Monday, June 20, 2016

Sensory Overload

Dominic has "outgrown," some of his sensory issues, but not all. At church, he is usually okay with a man singing, but if a woman with a high-pitched voice is singing, he will plug his ears. I often wonder what that must feel like to him. I wish he was able to tell me. This past Saturday, since Dominic was in dire need of some nice dress shorts, we headed to Sears, because their clothes seem to fit him well. As we stepped into the boy's dressing room, there was a "ding-dong," chime that caught both Dominic and I off-guard. It was really loud, even to me.  Every time we went in and out of the dressing room, this is what he would do:

The picture is kind of blurry, because he was practically sprinting out of the dressing room. He would continue to plug his ears until I reassured him it was fine.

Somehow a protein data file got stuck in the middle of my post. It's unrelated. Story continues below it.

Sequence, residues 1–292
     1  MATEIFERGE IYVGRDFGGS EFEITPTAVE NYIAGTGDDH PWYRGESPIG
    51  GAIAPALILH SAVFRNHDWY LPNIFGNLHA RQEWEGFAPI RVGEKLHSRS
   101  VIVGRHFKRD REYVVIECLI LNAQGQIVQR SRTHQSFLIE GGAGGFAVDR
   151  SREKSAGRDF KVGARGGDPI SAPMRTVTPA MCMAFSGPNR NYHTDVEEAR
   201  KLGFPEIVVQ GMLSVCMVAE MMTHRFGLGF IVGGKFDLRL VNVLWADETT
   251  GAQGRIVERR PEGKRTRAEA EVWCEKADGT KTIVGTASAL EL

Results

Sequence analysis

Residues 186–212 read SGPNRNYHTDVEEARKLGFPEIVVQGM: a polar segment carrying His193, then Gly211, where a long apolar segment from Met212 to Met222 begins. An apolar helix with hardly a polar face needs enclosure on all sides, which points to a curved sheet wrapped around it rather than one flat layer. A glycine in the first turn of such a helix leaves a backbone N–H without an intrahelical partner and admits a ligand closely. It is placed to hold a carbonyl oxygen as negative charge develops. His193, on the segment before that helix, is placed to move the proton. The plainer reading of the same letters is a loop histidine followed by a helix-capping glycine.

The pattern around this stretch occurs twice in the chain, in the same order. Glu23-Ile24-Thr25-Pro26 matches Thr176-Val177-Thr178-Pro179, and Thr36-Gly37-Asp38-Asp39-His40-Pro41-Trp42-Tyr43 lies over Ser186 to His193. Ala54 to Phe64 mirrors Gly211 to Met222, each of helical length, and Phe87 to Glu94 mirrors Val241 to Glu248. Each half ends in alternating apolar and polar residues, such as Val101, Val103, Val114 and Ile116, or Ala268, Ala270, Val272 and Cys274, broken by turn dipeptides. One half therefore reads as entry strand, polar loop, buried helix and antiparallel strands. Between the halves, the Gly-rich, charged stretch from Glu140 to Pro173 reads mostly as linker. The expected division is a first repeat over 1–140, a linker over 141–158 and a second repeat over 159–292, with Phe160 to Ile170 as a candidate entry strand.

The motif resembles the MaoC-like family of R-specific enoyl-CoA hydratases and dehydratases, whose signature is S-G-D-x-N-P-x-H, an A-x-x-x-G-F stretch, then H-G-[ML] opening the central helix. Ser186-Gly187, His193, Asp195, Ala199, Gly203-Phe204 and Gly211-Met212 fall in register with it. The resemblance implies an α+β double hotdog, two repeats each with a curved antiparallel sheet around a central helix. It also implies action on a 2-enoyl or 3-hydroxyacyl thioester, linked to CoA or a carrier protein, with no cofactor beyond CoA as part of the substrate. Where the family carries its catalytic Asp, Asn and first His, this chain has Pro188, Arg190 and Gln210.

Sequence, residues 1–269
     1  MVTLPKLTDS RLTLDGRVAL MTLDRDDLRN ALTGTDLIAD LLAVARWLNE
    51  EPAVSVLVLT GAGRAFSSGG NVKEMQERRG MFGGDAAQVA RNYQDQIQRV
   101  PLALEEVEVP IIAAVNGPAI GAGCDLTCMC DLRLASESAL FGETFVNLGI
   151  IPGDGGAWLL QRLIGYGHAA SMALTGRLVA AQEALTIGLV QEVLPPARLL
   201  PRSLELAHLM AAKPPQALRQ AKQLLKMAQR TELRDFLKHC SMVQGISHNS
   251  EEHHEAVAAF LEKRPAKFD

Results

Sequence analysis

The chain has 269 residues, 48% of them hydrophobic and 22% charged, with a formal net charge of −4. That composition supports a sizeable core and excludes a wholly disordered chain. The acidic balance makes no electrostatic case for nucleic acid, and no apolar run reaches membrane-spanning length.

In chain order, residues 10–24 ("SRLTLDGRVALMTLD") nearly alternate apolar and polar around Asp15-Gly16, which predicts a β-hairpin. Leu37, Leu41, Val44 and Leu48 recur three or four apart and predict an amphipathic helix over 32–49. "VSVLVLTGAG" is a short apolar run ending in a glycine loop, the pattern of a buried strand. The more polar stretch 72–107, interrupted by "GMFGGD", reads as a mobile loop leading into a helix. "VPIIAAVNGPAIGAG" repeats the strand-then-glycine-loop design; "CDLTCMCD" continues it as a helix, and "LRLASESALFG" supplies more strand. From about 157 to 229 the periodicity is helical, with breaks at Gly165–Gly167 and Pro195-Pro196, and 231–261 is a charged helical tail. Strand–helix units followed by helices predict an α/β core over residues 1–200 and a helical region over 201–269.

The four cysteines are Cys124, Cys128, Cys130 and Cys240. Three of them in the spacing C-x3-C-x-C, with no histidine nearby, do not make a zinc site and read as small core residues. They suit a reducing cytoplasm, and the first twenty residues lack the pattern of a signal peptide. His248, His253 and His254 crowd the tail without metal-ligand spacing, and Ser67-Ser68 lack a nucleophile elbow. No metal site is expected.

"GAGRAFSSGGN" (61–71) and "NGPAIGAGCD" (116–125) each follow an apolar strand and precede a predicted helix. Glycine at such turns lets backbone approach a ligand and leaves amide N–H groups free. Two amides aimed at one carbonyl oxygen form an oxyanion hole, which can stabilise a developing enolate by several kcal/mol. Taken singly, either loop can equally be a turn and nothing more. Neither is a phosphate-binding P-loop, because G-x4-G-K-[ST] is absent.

By about the third time we headed back to the dressing room, he was done, he kept saying, "time to go home, time to go home." I had to promise him McDonald's french fries when we were done, to get him to cooperate with me. Believe me, I have tried multiple times to buy clothes for him in the hopes of them fitting and I almost always end up returning them because they don't fit.  Dominic is not a big fan of trying on clothes in a dressing room to begin with, but you throw in the loud "ding-dong," chime it certainly adds a whole layer of extra stress that we certainly don't need. Using a public restroom with Dominic can be an adventure in itself. The self-flushing toilets and the automatic hand dryers are the WORST. Sensory "overload," at its finest. You can't really not use a public restroom if you are out and about. Dominic calls any kind of bug a "bee." If he sees a fly or gnat in our house, he will go running upstairs into our bedroom and slam the door until we reassure him we have taken care of the matter. I'm thinking the sound of a bug must sound a like a chainsaw in his "world." We can't keep Dominic in a protective "bubble." He has to be able to explore everything this "world," has to offer him.